Jaycee Brown

Jaycee Brown

Director of Communications


Before sending claims for certain treatments, some dental plans need dentists to receive preauthorization, which “provides written advance approval for the planned service, which is generally valid for 60 days” (“Dental Benefits 101: Preauthorization versus predetermination” 2017). Some dental insurance policies may require additional elements for preauthorization, such as diagnostic notes, radiographs, codes, x-rays, periodontal charting, narratives, etc. (“Dental Benefits 101: Preauthorization versus predetermination” 2017; Tekavec 2000; “The Importance of Getting Preauthorization” 2015). Otherwise, insurance companies could deny the claims (“Dental Benefits 101: Preauthorization versus predetermination” 2017). Although dentists must fulfill an extra step for claim approval, depending on the insurance policy, preauthorizations may guarantee coverage for patients.
Some insurance companies require preauthorizations for a variety of reasons. Preauthorizations allow dental plans to check whether the procedures “are medically necessary” and may recommend other treatments and services, instead (“Dental Benefits 101: Preauthorization versus predetermination” 2017). Some treatments that require preauthorization include those categorized under “major,” scaling, root planning, etc. (“The Importance of getting Preauthorization” 2015). Though, Melissa Dunham, “owner of Reign Dental Accounts Control LLC and the office administrator at the Centre for Dental Excellence in Virginia Beach,” recommends “that all treatment plans, excluding prophies, perio maintenance, and films, should be preauthorized for the protection of the office income and to assist patients in making informed financial decisions regarding treatment” (Tuinei 2018). Without preauthorization, the patient loses coverage, regardless of whether the procedure is an included benefit in his or her policy (“The Importance of getting Preauthorization” 2015).
Preauthorizations may help patients receive coverage, depending on the policy and state. Not all health plans provide coverage after giving preauthorization to dentists, but depending on their state, such as California, they must give coverage for any preauthorized treatments (“Dental Benefits 101: Preauthorization versus predetermination” 2017; Tuinei 2018). Due to these state laws, many insurance companies omit preauthorization requirements from their policies (Jolly 2018). Plans that do need them usually include “Medicare, Medicaid, or managed care plans…” (Jolly 2018). Despite preauthorization, dental plans may not provide coverage in cases where the beneficiary leaves the plan before the treatment date, the beneficiary ran out of his or her annual maximum limit, or “other factors such as subsequent claims for the same procedure from a different provider” (“Dental Benefits 101: Preauthorization versus predetermination” 2017). Despite these caveats, they can still predict coverage and the patient’s financial responsibility (“Dental Benefits 101: Preauthorization versus predetermination” 2017; Tekavec 2000). They can also include information regarding “[plan] limitations (noncovered services), patient out-of-pocket costs, downgrades, and exclusions…” (Tuinei 2018).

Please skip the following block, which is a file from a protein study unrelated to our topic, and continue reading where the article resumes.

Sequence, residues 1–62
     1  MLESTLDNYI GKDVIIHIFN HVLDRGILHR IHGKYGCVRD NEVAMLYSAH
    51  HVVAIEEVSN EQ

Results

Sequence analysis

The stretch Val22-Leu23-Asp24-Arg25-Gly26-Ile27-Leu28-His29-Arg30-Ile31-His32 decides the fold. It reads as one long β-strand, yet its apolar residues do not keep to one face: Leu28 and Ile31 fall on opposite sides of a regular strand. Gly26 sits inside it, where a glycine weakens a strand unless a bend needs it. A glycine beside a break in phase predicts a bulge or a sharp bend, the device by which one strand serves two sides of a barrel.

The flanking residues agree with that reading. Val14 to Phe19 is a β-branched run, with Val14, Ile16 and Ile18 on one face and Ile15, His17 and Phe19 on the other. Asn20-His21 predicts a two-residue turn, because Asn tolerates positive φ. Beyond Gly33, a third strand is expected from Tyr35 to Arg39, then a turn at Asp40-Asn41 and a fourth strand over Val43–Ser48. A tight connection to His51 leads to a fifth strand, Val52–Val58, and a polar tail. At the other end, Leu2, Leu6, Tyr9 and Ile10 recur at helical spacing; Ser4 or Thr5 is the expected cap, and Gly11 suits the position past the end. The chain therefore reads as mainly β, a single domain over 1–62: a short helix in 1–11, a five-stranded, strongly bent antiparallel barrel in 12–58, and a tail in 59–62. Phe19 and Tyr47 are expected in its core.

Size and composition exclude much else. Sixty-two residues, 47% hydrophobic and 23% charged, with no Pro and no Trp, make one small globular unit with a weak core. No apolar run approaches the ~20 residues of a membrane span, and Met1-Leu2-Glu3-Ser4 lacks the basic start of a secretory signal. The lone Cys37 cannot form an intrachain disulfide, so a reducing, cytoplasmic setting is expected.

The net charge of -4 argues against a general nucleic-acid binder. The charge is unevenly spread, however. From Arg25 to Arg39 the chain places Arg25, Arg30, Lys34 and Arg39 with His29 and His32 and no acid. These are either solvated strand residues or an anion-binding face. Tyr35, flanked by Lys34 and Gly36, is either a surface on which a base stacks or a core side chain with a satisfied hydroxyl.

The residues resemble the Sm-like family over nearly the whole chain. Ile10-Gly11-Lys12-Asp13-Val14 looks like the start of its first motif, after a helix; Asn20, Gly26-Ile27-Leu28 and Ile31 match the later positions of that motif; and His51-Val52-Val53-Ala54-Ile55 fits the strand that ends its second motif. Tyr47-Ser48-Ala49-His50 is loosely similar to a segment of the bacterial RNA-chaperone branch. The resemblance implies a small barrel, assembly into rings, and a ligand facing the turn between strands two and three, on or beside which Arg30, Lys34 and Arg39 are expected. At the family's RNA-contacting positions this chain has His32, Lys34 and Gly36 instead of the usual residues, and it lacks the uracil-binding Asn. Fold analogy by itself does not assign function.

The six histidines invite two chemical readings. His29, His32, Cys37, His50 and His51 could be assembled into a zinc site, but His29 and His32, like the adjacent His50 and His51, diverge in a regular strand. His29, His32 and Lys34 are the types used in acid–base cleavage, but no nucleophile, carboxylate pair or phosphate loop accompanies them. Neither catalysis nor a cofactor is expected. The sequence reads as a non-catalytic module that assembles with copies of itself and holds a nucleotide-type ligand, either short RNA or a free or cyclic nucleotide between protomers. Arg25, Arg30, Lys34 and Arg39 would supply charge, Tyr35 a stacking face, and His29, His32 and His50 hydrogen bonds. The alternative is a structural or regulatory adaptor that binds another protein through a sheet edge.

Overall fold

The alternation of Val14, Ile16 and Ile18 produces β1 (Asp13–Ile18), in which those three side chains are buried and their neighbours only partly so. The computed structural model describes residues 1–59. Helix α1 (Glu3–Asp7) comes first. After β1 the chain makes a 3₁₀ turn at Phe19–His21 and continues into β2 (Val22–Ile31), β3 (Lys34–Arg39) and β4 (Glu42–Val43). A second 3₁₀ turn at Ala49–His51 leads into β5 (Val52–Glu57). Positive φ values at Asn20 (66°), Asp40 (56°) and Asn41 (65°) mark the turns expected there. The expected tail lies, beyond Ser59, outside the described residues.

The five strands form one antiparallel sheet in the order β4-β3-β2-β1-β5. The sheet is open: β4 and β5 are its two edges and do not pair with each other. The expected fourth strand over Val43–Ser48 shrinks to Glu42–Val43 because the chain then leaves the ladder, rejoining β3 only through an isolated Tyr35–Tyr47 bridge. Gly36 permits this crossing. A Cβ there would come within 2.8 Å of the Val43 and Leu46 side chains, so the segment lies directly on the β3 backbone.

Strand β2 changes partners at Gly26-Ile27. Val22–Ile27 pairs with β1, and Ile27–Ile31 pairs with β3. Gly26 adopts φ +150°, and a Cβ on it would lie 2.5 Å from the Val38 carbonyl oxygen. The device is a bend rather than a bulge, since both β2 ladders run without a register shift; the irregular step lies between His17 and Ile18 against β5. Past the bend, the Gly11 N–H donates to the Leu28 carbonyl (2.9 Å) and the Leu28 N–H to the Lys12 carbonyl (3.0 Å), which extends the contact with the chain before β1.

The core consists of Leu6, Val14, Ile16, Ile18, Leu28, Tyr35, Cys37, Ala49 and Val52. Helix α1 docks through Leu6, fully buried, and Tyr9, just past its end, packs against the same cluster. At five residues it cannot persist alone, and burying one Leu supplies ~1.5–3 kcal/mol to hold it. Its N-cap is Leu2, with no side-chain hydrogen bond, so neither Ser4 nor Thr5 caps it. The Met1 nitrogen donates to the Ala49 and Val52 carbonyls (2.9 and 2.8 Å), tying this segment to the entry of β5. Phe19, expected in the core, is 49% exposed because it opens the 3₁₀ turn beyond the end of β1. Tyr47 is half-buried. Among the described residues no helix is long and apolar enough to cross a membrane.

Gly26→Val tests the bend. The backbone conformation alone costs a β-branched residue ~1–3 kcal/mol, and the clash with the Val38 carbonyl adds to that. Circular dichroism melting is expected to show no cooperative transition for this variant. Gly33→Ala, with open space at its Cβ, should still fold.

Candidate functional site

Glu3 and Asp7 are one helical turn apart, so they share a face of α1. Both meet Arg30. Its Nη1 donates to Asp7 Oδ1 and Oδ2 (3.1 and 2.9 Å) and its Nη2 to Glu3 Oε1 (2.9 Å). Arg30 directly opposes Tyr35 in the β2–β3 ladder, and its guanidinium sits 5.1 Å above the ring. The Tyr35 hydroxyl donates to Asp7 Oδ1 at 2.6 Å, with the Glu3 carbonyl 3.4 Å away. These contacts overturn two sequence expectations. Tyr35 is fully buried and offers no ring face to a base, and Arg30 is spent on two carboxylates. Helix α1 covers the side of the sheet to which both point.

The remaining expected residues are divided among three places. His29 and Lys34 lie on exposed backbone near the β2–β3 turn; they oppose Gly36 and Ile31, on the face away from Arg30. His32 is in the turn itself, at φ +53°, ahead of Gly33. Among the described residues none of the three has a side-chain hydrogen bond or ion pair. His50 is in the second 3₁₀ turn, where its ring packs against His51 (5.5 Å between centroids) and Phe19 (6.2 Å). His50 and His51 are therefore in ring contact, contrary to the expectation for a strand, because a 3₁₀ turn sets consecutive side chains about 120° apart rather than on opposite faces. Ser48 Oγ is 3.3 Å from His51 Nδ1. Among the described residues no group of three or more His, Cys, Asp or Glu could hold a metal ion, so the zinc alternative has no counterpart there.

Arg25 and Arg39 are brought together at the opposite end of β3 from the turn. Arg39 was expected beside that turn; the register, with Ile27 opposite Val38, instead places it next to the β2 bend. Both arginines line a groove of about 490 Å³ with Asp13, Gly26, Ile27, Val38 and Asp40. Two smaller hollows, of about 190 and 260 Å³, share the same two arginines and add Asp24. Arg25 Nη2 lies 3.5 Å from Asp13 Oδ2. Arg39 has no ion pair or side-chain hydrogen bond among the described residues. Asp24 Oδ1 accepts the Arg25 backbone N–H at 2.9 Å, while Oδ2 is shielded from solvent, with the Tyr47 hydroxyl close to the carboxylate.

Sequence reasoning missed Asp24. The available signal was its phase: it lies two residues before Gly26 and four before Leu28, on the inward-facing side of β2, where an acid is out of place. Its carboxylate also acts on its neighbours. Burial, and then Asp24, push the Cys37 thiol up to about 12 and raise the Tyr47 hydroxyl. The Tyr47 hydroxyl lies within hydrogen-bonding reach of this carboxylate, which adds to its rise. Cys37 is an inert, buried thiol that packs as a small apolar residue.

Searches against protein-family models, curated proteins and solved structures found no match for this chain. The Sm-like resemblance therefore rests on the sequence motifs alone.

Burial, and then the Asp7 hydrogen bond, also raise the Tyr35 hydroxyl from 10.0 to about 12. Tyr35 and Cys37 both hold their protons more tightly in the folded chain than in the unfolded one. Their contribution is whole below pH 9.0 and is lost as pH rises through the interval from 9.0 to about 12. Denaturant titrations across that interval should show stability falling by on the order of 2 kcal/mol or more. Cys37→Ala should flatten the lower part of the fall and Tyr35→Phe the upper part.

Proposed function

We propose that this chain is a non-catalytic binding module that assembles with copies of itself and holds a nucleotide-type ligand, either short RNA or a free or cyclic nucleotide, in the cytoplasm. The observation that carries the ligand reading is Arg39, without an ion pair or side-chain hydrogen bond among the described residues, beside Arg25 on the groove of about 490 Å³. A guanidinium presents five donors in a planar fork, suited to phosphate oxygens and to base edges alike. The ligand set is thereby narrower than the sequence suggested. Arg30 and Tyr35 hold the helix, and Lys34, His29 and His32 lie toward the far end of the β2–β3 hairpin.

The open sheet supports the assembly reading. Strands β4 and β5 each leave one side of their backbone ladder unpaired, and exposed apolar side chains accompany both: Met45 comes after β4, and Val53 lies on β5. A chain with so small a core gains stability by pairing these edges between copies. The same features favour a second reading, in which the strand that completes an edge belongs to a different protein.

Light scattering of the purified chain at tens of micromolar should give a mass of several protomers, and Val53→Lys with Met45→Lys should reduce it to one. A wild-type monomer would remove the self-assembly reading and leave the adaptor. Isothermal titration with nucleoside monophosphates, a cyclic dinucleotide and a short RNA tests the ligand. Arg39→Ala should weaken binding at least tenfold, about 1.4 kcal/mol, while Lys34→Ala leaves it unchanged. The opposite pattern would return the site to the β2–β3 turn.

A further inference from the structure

Preauthorizations could lead to more approved and reimbursed claims, increased treatment plan acceptance, more guaranteed payments, etc. (Tuinei 2018). Even though many insurance companies may not need preauthorizations anymore, preauthorizations can still help patients gain coverage in order to access and pay for any necessary dental treatments and services.

Works Cited
“Dental Benefits 101: Preauthorization versus predetermination.” cda, July 5, 2017.
Jolly, Sheri. “Pre-Authorization vs. Predetermination.” dentaltown, February 2, 2018.
Tekavec, Carol. “Preauthorizing inlays, onlays.” Dental Economics, April 1, 2000.
“The Importance of Getting Preauthorization.” Monongalia County Health Department,
November 16, 2015. https://www.monchd.org/mchd-dentistry-blog/the-importance-of-getting-preauthorization.
Tuinei, Benjamin. “The art of war: Reducing time spent on insurance administration.” Dental
Economics, November 1, 2018. https://www.dentaleconomics.com/articles/print/volume-108/issue-11/macroeconomics/the-art-of-war-reducing-time-spent-on-insurance-administration.html.


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